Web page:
How Stress Affects Your Health
If you’re suffering from chronic stress, your body spends too much time in “fight or flight” mode, carried out by the sympathetic nervous system, and not enough time in “rest and digest” mode, facilitated by the parasympathetic nervous system.
Read on to learn how the sympathetic and parasympathetic systems differ, how too much sympathetic nerve activity contributes to chronic diseases, and how to trigger the rest-and-digest state.
The Difference between “Fight or Flight” and “Rest and Digest”
The sympathetic nervous system (SNS) and parasympathetic nervous system (PNS) are two of the three components of the autonomic nervous system, which controls unconscious body functions—like breathing and digestion—as well as every organ in our bodies with the exception of skeletal muscles.
Our SNS is responsible for the fight-or-flight response to a stressor or danger, while the parasympathetic system controls the rest-and-digest functions of the body. Here’s a brief synopsis: (1)
The sympathetic nervous system prepares your body to either run from danger or fight back. It is also activated in response to mental or physical stress. During the fight-or-flight response, the following occurs:
- Blood pressure increases
- Blood flow increases to muscles, lungs, and other areas essential for moving away from perceived danger
- Blood flow decreases to the digestive and reproductive systems
- Stress hormones, such as cortisol, and neurotransmitters, like epinephrine, increase to make us stronger and faster
- Glucose is rapidly released to be burned for quick energy
The parasympathetic nervous system is activated after a meal or in response to pleasure, and its physical effects are generally opposite those of the SNS reaction:
- Heart rate and respiration slow
- Blood pressure drops
- Intestinal activity increases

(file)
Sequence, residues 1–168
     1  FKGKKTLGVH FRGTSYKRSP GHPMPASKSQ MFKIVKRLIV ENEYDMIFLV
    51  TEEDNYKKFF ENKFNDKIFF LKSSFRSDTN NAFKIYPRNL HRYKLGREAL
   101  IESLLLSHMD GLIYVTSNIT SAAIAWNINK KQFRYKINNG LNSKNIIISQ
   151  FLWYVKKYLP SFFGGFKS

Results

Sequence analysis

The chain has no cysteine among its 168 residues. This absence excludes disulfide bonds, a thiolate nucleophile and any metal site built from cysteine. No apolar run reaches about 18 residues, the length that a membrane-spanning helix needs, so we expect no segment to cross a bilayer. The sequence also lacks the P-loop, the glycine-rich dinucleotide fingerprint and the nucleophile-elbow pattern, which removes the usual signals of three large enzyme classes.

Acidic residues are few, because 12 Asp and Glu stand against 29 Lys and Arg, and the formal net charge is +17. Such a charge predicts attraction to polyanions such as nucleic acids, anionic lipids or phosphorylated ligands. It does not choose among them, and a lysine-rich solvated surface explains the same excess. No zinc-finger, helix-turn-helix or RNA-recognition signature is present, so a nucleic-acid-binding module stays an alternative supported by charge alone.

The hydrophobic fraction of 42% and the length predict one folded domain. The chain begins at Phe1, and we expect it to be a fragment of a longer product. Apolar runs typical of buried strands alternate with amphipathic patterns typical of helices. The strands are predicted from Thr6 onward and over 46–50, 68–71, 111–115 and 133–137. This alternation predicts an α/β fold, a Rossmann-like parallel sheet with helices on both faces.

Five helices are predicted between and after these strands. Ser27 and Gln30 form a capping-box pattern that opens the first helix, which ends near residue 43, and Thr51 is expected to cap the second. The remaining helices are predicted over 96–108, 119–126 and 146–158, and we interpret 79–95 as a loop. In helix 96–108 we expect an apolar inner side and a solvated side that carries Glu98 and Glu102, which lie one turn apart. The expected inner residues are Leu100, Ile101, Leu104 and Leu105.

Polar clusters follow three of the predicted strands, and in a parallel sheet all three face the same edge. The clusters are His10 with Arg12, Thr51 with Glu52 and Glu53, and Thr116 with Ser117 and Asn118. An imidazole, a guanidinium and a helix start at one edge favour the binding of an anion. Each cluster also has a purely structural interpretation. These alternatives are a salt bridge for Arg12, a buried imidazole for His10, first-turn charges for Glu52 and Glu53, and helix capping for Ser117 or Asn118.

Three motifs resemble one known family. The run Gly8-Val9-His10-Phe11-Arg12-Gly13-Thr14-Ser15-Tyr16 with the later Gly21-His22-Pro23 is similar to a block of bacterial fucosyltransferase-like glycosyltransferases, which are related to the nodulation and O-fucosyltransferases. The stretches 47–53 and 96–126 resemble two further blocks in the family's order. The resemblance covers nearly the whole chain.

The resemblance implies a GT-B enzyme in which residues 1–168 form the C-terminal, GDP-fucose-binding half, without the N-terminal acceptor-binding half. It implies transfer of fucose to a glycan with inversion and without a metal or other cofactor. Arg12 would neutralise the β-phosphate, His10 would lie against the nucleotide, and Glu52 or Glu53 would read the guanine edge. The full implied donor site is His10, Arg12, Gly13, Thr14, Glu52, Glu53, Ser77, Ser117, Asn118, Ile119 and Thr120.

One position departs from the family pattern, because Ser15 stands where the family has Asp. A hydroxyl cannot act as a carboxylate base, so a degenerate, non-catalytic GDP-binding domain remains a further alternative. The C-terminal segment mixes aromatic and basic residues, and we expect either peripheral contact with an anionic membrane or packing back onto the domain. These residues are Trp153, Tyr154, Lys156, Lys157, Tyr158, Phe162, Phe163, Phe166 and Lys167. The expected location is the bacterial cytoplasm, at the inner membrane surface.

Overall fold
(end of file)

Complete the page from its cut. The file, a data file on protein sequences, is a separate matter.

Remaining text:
- Blood flow increases to the digestive tract
- Neurotransmitters like acetylcholine, which regulates muscle contractions, including cardiac muscle, are released
- Stress hormones decrease
Sympathetic vs. Parasympathetic: It’s All about Balance
The sympathetic nervous system interacts with the hypothalamus–pituitary–adrenal (HPA) axis to control the body’s stress response. (2) Stress triggers the adrenal glands to secrete hormones, including cortisol, epinephrine, and norepinephrine, in order to increase blood pressure and blood sugar. Following a stressful event, the parasympathetic nervous system should kick in to decrease stress hormone production and lower blood pressure through the release of the neurotransmitter acetylcholine, among others.
To say the SNS and PNS are antagonistic is an oversimplification. The two systems can work with each other, against each other, or even independently of one another in order to maintain homeostasis, that is equilibrium throughout the body’s systems. (3)
Chronic Stress, Autonomic Balance, and Heart Rate Variability
In an ideal world, we spend most of our time in the rest-and-digest phase; fight-or-flight is uncommon and short-lived. In the real world, however, many people stay stuck in fight-or-flight mode.
Stress is not just about worrying about money, a bad relationship, a job that leaves you connected to your phone 24/7, an accident or injury, or consistently failing to get fewer than the recommended six to eight hours of sleep each night. For instance, one of the most common causes of chronic stress is unstable blood sugar from a diet that is high in processed carbohydrates, skipping meals, or relying on caffeine for energy. Other common sources of stress are a chronic infection, undiagnosed autoimmunity, food intolerances, and leaky gut. No matter the source of stress, the body responds in the same way with the stress response and continuous triggering of the sympathetic nervous system’s fight-or-flight response. Most likely, you yourself are one of the eight in 10 Americans who, according to a 2017 Gallup poll, report that they are stressed. (4)
If you’re suffering from chronic stress, you might experience the following symptoms:
- Headaches and/or migraines
- Decreased immunity
- Sleep problems
- Mood swings
- Sugar and caffeine cravings
- Irritability or lightheadedness between meals
- Eating to relieve fatigue
- Dizziness when moving from sitting or lying to standing
- Digestive distress
- Hair Thinning or Hair loss
- Acne and other skin related issues
- Hormonal imbalances (pregnenolone steal)
- Low libido
- Irregular menstruation (including frequent periods)
Chronic stress upsets the balance between the parasympathetic and sympathetic nervous systems.
When you’re chronically in fight-or-flight mode, being in that “on” state disrupts the body’s stress response system by raising overall cortisol levels and disturbing normal cortisol and melatonin rhythms. (5, 6, 7)
A good measure of parasympathetic–sympathetic balance is heart rate variability. (8) Unlike heart rate, which reports the average number of beats per minute, heart rate variability measures the subtle variations in the time interval between individual beats. Although some wearable health trackers can’t measure heart rate variability, more sophisticated devices like the Oura ring can.